By David Ellenson
Recent months have witnessed a well publicized split between the Haredi and the Orthodox Religious Zionist camps over issues of conversion. Haredi Rabbi Avraham Sherman of the Israeli High Rabbinical Court has issued a ruling that potentially invalidates all conversions conducted by the Conversion Authority of the Chief Rabbinate under the supervision of Religious Zionist Rabbi Haim Druckman, thus calling into question the Jewish status of 40,000 Israeli converts who have converted under Rabbi Druckman’s supervision. He has stated that Jewish status should be removed from those who, subsequent to conversion, violate Jewish law in any way — this, despite the fact that retroactive annulment of conversion on the basis of failure to observe all the commandments after a conversion ceremony has virtually no precedent in classical rabbinic tradition. Indeed, the dominant tradition in Jewish law has always held that once a conversion is performed it cannot be annulled retroactively. By issuing his ruling, Rabbi Sherman has demonstrated a tendency toward greater stringency in the area of conversion and he has also revealed the ever increasing differences among Orthodox rabbis in their approaches to conversion.
The reality of such divergence among Orthodox rabbis is not a novel phenomenon confined to our own century. As a representative sampling will demonstrate, such differences have been present since Jews began to acculturate and were enfranchised as individual citizens of modern nation states at the onset of the 19th century. The initial response of Orthodox rabbis such as Isaac Bernays of Hamburg and Jacob Ettlinger of Altona to a world where social relations between Jews and Gentiles led to unprecedented rates of Jewish-gentile intermarriage was negative. While Rabbi Ettlinger acknowledged that there were precedents in the tradition that allowed for “a lenient stance” on this matter, he stated that he was “uncomfortable” with applying them. His student Rabbi Esriel Hildesheimer of Berlin concurred with the judgment of his teacher, and while he asserted that the issue of conversion in cases of intermarriage “was perhaps the most difficult issue of our age,” he ruled stringently and forbade conversion when such cases came before him. His colleague Rabbi Samson Raphael Hirsch of Frankfurt echoed this stance in his own writings.
Modern-day Israeli scholars Avi Sagi of Tel Aviv University and Zvi Zohar of Bar Ilan (see essay on page XX) have contended that the trajectory represented by these rabbis found the apex of its expression in the 1876 ruling of Rabbi Yitzchak Shmelkes, who ruled that conversion was to be permitted only when accompanied by an absolute commitment to observe all the commandments. While their claim that it was Rabbi Shmelkes who was the first to insist upon such commitment has been disputed by other scholars, there is no doubt that this rabbi as well as others felt that the only way to preserve Judaism from dissolution in the modern world was for the rabbinate to adopt a policy of complete stringency on the matter of conversion. These rabbis were clearly the predecessors of Rabbi Sherman.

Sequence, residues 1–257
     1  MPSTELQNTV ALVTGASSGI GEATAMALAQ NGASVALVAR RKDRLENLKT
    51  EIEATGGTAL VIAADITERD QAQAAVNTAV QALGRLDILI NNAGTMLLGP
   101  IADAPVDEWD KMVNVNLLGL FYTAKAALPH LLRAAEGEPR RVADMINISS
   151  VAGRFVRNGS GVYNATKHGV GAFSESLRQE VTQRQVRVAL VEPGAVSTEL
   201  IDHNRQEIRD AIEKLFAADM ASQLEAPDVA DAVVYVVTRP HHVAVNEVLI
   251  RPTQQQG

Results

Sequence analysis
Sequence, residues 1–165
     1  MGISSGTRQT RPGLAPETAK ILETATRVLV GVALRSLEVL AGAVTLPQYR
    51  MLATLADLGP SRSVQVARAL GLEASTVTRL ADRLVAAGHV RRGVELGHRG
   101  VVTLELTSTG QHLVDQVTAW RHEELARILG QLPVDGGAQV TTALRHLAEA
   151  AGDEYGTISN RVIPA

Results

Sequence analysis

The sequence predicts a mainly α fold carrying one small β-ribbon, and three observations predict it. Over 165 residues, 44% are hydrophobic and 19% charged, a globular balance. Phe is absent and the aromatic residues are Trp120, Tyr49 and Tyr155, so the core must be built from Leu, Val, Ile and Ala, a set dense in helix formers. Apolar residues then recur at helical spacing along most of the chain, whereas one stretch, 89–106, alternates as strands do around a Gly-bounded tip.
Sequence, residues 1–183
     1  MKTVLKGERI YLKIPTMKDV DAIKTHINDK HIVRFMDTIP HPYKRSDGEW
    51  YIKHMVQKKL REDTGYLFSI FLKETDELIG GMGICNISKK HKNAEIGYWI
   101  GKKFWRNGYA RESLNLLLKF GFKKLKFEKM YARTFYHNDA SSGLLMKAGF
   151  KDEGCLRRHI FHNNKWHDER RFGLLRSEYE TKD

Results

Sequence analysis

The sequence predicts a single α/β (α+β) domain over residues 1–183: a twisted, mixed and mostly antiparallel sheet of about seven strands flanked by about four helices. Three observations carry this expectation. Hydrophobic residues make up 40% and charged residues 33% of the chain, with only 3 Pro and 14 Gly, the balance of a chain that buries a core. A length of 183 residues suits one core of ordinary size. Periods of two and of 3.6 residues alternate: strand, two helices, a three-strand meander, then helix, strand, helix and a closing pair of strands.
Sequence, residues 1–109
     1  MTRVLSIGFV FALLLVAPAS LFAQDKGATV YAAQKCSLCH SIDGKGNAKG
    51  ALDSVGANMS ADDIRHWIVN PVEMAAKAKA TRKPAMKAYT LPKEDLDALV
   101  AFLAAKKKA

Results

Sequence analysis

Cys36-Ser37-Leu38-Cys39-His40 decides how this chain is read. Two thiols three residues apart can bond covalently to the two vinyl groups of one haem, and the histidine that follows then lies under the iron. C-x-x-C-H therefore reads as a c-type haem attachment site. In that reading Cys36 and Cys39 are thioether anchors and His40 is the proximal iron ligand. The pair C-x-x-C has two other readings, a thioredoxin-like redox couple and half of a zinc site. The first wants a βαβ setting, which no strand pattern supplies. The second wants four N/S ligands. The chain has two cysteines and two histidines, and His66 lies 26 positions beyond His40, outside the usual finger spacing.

However, other rabbis disagreed and adopted a different stance on the issue of conversion. Rabbi Zvi Hirsch Kalischer of Thorn labeled children born of Gentile mothers and Jewish fathers as zera kodesh (holy seed) and observed that “great leaders among the people Israel might spring from among them.” His colleague, Rabbi Eliyahu Guttmacher of Grodzisk, cited Sanhedrin 99a where it states that because Timna, the daughter of Lotan, was rejected as a candidate for conversion, she became the concubine of Eliphaz the son of Esau and their union ultimately produced Amalek. (Genesis 36:12) He warned that rabbis who would restrict conversion do not act in the best interests of the Jewish people.
Rabbi David Zvi Hoffmann of Berlin adopted a similar policy and ruled, in a case involving a pregnant Jewish woman who was civilly married to a non-Jewish man, that an Orthodox rabbinical court should convert this man to Judaism. He expressed special concern for the children who would be born from this union should their father not be converted. Finally, Rabbi Ben Zion Meier Uziel, the first Chief Sephardic Rabbi of Israel, reflected this approach as well. He wrote that rabbis were obligated to offer conversion to Judaism to the non-Jewish partner of a Jewish spouse whenever possible for the sake of the children who would be born from such a union, stating “For the sake of their children, it is obvious that we are obligated to bring them close.”
In a world where Jewish identity and status is frequently the object of debate, the range of opinions expressed by the Orthodox rabbinate on the issue of conversion has never been monolithic. Their diverse pronouncements and rulings demonstrate the range of lenient as well as stringent policy positions available to Jewish leaders as they struggle to grapple with the challenges the reality of intermarriage has presented to our community in modern settings.
Rabbi David Ellenson is president of Hebrew Union College-Jewish Institute of Religion. He and Daniel Gordis are completing a book about Orthodox rabbinic writings on conversion in the modern world. Reprinted with permission from Sh’ma (shma.com) December 2008.
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